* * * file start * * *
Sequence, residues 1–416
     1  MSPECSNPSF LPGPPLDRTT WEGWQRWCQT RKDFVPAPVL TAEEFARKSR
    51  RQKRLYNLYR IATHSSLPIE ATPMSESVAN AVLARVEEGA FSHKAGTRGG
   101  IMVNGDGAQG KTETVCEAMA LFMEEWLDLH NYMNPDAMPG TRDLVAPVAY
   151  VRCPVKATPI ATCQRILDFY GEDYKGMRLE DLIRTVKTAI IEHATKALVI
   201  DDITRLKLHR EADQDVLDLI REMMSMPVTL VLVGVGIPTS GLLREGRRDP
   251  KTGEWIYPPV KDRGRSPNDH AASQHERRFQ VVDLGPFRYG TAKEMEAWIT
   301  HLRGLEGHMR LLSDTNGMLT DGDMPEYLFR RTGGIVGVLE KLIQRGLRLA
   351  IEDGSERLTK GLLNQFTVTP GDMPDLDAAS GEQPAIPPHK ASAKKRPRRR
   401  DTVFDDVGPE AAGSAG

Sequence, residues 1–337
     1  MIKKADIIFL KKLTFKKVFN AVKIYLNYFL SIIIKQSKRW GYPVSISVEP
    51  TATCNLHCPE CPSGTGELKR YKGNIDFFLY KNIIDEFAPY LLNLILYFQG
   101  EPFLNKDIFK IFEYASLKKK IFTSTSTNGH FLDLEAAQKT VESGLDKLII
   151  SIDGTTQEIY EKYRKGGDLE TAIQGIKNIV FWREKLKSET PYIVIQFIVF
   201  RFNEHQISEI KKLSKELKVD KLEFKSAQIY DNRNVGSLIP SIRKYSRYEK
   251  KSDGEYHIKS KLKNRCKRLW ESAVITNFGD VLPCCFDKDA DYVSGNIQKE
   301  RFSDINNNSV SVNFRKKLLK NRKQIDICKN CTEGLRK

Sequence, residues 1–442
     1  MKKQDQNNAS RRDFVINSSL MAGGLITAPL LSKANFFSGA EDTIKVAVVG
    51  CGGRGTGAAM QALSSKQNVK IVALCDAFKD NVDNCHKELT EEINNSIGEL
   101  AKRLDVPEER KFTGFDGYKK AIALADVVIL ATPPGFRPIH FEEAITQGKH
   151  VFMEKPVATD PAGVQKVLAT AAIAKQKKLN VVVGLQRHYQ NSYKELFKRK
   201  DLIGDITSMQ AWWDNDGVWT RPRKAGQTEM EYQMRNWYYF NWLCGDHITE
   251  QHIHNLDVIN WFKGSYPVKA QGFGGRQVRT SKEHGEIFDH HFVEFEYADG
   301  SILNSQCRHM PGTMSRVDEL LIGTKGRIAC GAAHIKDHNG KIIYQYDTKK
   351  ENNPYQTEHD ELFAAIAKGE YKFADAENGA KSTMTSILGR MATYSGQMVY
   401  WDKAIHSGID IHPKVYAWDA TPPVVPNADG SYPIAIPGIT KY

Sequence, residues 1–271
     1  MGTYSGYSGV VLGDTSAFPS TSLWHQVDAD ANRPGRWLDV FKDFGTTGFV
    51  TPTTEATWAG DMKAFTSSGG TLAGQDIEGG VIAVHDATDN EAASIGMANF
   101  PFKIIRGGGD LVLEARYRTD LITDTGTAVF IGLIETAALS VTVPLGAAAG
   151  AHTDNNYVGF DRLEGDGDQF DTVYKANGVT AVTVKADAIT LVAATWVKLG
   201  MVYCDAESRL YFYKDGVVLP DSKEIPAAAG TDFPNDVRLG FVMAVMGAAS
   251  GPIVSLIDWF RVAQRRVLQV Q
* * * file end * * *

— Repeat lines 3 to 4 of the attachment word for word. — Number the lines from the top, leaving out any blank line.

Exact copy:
    51  RQKRLYNLYR IATHSSLPIE ATPMSESVAN AVLARVEEGA FSHKAGTRGG
   101  IMVNGDGAQG KTETVCEAMA LFMEEWLDLH NYMNPDAMPG TRDLVAPVAY